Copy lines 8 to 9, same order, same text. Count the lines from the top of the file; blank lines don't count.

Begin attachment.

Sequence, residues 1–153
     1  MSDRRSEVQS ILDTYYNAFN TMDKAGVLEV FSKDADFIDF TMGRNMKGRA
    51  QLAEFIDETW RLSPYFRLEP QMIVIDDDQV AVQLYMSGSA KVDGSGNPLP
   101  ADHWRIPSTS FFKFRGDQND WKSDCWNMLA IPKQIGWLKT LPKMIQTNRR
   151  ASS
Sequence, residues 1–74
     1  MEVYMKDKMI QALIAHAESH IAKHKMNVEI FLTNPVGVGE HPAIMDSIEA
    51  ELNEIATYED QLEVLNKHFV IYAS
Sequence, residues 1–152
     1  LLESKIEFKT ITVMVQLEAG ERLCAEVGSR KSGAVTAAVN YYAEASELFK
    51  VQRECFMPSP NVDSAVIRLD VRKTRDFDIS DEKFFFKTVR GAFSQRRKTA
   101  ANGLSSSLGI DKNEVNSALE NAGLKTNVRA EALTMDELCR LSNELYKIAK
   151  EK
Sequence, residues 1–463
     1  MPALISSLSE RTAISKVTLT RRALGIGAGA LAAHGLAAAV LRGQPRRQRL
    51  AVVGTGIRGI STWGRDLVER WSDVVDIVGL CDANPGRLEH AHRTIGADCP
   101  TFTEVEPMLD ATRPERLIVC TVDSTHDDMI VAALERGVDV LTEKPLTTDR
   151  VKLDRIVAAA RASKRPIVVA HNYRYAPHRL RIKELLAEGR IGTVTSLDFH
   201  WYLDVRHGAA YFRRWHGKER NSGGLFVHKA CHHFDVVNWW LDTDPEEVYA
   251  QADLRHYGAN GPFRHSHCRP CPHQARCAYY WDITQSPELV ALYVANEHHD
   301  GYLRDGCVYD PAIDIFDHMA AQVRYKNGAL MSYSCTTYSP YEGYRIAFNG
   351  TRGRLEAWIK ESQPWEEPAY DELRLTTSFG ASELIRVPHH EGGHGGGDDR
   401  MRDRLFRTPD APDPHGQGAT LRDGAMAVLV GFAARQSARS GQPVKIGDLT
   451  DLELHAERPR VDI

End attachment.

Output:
    51  ELNEIATYED QLEVLNKHFV IYAS
Sequence, residues 1–152